No Place Like Home

An Architectural Study of Auburn, Alabama

Title Details

Pages: 272

Illustrations: 60 b&w photos

Trim size data not found for this book.



Pub Date: 01/14/2020

ISBN: 9-781-5883-8400-3

List Price: $32.95


NewSouth Books

No Place Like Home

An Architectural Study of Auburn, Alabama

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  • Description
Auburn is well known as a college town and as a historic Southern village in central Alabama. The architecture that presently constitutes Auburn's built environment deserves the same level of recognition. From structures on the campus of Auburn University to historic churches and other buildings across the town, Auburn's architectural record is worth celebrating and protecting. In No Place Like Home: An Architectural Study of Auburn, Alabama—a companion volume to Lost Auburn: A Village Remembered in Period Photographs—co-authors Delos Hughes, Ralph Draughon Jr., Emily Sparrow, and Ann Pearson highlight the buildings of Auburn that are distinguished by age, celebrated residents, distinctive design, and historical importance. The architectural character of Old Auburn lives on in the enduring structures found throughout the city. Anchored by a strong sense of place, No Place Like Home will inspire readers to a greater appreciation of the shared past that connects us all through historic homes and meeting places.

About the Author/Editor

Ralph B. Draughon Jr. (Author)
RALPH B. DRAUGHON, JR. serves on the Alabama Historical Commission and the board of directors of the Alabama Trust for Historic Preservation. A PhD in southern history from the University of North Carolina, he taught at the University of Georgia, established a research center at Stratford Hall (Robert E. Lee’s birthplace in Virginia), served as curator at the Historic New Orleans Collection, and acted as historical advisor to a major national archeological firm.

Delos Hughes (Author)
DELOS HUGHES is a native of Auburn, Alabama. He is a graduate of Oberlin College and the University of North Carolina at Chapel Hill. He taught political philosophy at Washington and Lee University from 1963 until his retirement in 1996. As Emeritus Professor of Politics, he researches architectural history subjects. Hughes has published studies of courthouses in Alabama, Virginia, and South Carolina; a New Deal homesteads project in Tennessee; and an early effort to design buildings for the University of Alabama. He is a co-author of Lost Auburn: A Village Remembered in Period Photographs, published by NewSouth Books in 2012, and Historic Alabama Courthouses: A Century of Their Images and Stories, published by NewSouth Books in 2017.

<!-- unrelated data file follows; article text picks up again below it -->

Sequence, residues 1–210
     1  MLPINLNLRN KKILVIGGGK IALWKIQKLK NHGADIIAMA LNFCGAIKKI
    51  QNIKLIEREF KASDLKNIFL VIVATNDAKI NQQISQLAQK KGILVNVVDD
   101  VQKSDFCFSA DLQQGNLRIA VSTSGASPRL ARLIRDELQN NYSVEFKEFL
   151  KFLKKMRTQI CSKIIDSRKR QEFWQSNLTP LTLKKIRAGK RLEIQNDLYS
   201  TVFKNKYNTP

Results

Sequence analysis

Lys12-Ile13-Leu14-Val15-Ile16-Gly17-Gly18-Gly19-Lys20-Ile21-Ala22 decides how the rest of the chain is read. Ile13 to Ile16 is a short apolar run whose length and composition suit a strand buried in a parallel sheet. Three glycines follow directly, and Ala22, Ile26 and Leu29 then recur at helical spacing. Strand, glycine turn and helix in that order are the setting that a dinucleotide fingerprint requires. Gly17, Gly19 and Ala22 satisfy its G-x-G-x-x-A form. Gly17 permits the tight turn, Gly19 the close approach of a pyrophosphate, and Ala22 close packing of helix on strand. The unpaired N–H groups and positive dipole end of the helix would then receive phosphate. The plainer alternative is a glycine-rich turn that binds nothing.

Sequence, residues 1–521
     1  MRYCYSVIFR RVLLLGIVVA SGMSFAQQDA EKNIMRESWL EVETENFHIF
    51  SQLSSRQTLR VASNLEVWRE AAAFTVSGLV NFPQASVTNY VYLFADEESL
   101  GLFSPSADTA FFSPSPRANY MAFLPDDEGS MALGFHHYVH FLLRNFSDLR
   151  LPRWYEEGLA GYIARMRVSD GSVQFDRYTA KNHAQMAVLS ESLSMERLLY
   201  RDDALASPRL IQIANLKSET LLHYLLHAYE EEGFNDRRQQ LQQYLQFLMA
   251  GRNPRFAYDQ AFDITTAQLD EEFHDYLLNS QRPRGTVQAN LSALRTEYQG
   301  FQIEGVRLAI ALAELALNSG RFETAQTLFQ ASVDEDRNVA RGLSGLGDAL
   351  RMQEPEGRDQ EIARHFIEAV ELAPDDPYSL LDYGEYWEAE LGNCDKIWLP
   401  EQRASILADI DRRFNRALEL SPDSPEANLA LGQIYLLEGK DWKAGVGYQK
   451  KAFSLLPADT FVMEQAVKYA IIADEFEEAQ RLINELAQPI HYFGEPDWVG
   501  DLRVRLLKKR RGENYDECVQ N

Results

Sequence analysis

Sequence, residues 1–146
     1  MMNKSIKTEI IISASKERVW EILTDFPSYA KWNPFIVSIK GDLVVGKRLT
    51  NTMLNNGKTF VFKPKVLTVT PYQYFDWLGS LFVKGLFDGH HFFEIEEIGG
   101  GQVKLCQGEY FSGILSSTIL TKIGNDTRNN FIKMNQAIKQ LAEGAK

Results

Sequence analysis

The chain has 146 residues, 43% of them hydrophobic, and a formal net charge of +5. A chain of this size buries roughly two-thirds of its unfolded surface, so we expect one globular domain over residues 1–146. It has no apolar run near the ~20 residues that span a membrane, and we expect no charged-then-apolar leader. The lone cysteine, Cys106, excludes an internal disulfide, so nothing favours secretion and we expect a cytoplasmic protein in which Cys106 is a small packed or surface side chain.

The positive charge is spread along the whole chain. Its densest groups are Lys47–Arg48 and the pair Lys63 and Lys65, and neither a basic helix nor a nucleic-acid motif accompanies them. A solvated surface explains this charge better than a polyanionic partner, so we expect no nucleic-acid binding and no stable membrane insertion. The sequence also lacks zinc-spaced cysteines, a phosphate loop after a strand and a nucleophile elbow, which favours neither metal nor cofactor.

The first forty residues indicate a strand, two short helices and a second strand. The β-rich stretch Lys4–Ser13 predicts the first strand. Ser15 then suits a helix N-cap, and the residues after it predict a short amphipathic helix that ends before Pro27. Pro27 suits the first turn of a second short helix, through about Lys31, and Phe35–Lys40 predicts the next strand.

Ann Pearson (Author)
As long-time president of the Auburn Heritage Foundation, ANN PEARSON led the successful effort to move the imperiled Nunn-Winston house to safety, and she directed the rescue from neglect of both the white and black cemeteries of early Auburn. She has earned an MA in English from the University of North Carolina, Chapel Hill, and a PhD in English from Auburn University. She serves on the board of the Historic Chattahoochee Foundation and received the Alabama Historical Commission’s prestigious Roy Swayze Aware for the careful restoration of her own historic plantation, Noble Hall. She is the author of many articles about local history and historic preservation, as well as three mystery novels.

Emily Sparrow (Author)
EMILY SPARROW moved to Auburn, Alabama, with her parents in the 1950s and has lived there for most of her life. A retired educator, Sparrow graduated from Auburn University with three degrees in education and worked in that field in Auburn from 1967 to 2006. She was an instructor at Auburn University from 1996 to 2006 and served as Chairman of the City Planning Commission from 2010 to 2014. Sparrow is a member of the Alabama Cemetery Preservation Alliance and the First White House Association. She is also the author of two books: Auburn Sweet Auburn: History, Stories and Epitaphs of Pine Hill Cemetery; and A Sense of History?Tribute to Our Founding Mothers. Sparrow resides in Auburn with her husband and son, both named Tom and both lifelong Auburn residents.